, 28 October, 2020 / 9:32 PM
Zambia’s “rapidly weakening economy” is a cause for concern, officials of the Jesuit Centre for Theological Reflection (JCTR) based in the Southern African nation in a recent statement in which they call on the country’s leadership to adopt the transformative servant leadership model.
“JCTR is deeply concerned with the rapidly weakening economy in our country, which is jeopardizing the economic and social justice of the ordinary citizens, especially the poor, the marginalized and the vulnerable,” the officials say in their statement signed by JCTR Executive Director, Fr. Alex Muyebe.
Issued on the occasion of Zambia’s independence anniversary October 24, JCTR officials say that it is ironical that Zambians “cannot but lament the current shrinking fiscal space” during the commemoration of the country's 56th independence anniversary.
They make reference to the country’s Gross Domestic Product (GDP) and accrued debt from foreign entities saying, “Zambia’s total external debt stock now stands at US$27 billion dollars, which, literally, is equivalent to the country's GDP. The national debt stock was US$11.97 billion as of June 2020.”
“The fiscal deficit, the inflation rate and the depreciation of the currency are on the rise,” the officials of the Jesuit institution note.
As a way forward, the leadership of Research, Education and Advocacy team that promotes study and action on issues linking Christian Faith and social justice in Zambia and Malawi calls on the government to learn from past experiences and find lasting solutions to the recurring economic crisis.
“This is not the first time Zambia has found herself in a debt crisis. Government must learn from these experiences and come up with a lasting solution to avoid finding ourselves in this same bad place over and over again,” says Fr. Alex says on behalf of JCTR leadership.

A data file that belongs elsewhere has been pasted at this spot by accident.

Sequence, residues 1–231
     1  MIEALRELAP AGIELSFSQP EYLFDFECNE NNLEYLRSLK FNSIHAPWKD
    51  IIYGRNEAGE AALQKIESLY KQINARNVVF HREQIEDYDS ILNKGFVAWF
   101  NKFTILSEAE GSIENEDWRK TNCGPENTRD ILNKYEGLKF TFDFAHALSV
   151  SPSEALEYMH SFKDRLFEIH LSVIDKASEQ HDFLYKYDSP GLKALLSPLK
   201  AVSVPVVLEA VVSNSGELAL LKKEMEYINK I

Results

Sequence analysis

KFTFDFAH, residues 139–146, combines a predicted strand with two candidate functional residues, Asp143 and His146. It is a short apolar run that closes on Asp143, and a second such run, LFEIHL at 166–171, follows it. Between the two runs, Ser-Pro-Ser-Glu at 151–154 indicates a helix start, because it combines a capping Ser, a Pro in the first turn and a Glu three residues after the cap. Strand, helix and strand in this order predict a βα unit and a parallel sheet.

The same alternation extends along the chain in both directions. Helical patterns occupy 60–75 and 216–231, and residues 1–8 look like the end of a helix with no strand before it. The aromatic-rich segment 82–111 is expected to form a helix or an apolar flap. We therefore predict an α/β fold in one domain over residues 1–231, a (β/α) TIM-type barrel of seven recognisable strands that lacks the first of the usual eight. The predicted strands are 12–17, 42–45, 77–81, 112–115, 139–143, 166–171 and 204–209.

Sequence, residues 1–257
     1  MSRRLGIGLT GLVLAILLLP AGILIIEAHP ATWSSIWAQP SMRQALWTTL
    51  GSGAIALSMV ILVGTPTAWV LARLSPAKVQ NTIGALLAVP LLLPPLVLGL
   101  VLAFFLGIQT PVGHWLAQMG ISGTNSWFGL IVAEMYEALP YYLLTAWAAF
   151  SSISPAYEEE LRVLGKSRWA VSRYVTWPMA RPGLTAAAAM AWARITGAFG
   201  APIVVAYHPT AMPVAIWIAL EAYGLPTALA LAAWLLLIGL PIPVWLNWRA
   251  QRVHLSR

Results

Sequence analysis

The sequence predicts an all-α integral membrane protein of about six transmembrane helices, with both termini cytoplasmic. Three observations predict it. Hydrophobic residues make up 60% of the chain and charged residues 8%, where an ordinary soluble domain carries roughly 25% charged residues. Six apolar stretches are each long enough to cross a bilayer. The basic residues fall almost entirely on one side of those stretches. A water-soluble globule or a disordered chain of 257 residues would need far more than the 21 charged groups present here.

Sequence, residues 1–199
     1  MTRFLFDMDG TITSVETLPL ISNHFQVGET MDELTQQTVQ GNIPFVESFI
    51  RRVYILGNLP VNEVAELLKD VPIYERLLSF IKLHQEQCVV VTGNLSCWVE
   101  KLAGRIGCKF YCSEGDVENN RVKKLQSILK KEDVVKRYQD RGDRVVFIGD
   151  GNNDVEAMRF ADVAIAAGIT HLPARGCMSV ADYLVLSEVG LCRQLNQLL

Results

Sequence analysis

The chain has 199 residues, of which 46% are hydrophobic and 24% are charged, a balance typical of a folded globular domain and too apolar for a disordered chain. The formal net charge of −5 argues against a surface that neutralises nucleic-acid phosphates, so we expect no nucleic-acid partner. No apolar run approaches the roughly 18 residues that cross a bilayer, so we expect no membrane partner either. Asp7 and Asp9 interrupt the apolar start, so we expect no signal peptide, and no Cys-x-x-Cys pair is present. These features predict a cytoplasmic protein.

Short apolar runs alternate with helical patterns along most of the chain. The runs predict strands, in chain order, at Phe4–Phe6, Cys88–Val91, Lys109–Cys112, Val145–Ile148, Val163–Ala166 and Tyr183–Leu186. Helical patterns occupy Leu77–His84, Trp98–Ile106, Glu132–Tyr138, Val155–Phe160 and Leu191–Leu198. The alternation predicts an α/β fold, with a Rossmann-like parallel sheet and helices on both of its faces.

JCTR leaders want the Edgar Lungu-led Government to “pursue fiscal consolidation and stop further borrowing.”
“Government must put in place a transparent debt contraction mechanism and a robust and workable debt management and debt sustainability strategy,” JCTR officials say.
They also call for the “adoption of transformative and servant leadership model at all levels of governance in our society.”
“The maturity of our independence and democracy will be measured by the degree of our leaders’ willingness to drive a common good agenda rather than a self-enrichment agenda,” they further say.
They note that “from the 2021 national budget, it is evident that funds allocated to the social sector have shrunk significantly thereby affecting the ordinary person’s access to health, education, clean water and sanitation.”
Referencing the social sector budget that has been revised downwards, the officials of the Jesuit research institution say, “This will further compromise human development and undermine promotion of human dignity and attainment of the common good.”
“All the wealth and resources divinely endowed on Zambia is meant for the benefit and the welfare of all the Zambian people without any discrimination,” they add.
They note that while Zambia has enjoyed a reputation of peace over the last 56 years, there are concerns about “the rate of political violence threatening this long-earned reputation.”
JCTR leadership in Zambia urges the government to take the lead in sensitizing citizens to reject all forms of violence in the society
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